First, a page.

Pride started with a riot. That fierce, unapologetic spirit is at the heart of Slamming Bricks, an anthology of resistance and liberation born out of a slam poetry competition by the same name.
We’re speaking with LGBTQ+ author and editor Avery Brooks about what it was like putting together this essential collection of work from LGBTQ+, BIPOC, and AAPI poets.
Tell us about the annual Slamming Bricks Slam Poetry Competition—and how you got involved.
Slamming Bricks: A Riot on 1st Street is an annual slam poetry competition that was started in 2019 by LGBTQ+ slam poet Caleb Ferganchick to explore resistance and liberation in honor of the 1969 Stonewall Riots. Poets from all over the American West compete in four rounds of poetry in a battle for the brick. The event is organized by Caleb, produced by the Western Colorado Writers’ Forum, and hosted at Charlie Dwellington’s during Colorado West Pride’s Pride Week in Grand Junction. The event has featured Colorado Poet Laureate Bobby LeFebre and the star of HBO’s Emmy-nominated show We’re Here, Eureka O’Hara. Slamming Bricks is the largest LGBTQ+ slam event in the state of Colorado.
As the 2021 event was being planned, board members for the Western Colorado Writers’ Forum came up with the idea of creating an anthology to go along with the intersectional competition to further feature diverse voices and expand their reach and representation. I was asked to put the anthology together, and I was honored to step up to that task.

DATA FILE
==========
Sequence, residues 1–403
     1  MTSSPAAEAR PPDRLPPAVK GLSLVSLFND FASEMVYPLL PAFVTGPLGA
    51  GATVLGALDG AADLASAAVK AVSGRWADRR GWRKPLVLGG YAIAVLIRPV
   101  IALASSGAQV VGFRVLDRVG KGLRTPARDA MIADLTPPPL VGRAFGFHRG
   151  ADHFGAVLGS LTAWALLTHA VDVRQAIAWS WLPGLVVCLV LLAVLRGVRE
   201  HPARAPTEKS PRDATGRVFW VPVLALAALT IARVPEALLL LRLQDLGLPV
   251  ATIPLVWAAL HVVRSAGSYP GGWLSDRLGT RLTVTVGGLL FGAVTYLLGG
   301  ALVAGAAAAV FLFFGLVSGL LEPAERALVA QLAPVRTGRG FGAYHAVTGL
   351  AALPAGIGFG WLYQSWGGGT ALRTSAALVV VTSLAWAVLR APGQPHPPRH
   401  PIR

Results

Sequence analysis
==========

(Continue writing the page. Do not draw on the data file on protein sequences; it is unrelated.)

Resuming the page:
It was a fairly monumental undertaking because the competition took place on September 11, 2021, and physical books would need to be in hand to sell at the competition and during Pride events that weekend. We had about a month to market and receive submissions before I needed to curate and edit the pieces into a cohesive anthology, as well as get it printed and shipped by the deadline. What resulted was Slamming Bricks: An Anthology, a powerful and heartfelt anthology featuring poetry from 19 LGBTQ+, BIPOC, and AAPI poets across the U.S., and even a few international ones, ranging from debut artists to award-winning slam poets. It includes over 80 pages of beautiful prose and meaningful expressions of liberation and resistance.
Why are the themes of resistance and liberation so important to include in Pride celebrations?
It is only through the acts of resistance of those who came before us that we are where we are today. We still have a long way to go. When you cannot count on your basic human rights or equal treatment, then resistance is required. Some people march, some people fight, some people use their words to change a consciousness. One action is not greater than another. They are all pieces of representation and reach others in different ways. I am very proud of the powerful, vulnerable, and true poems in this anthology expressing our experiences and hopefully furthering change.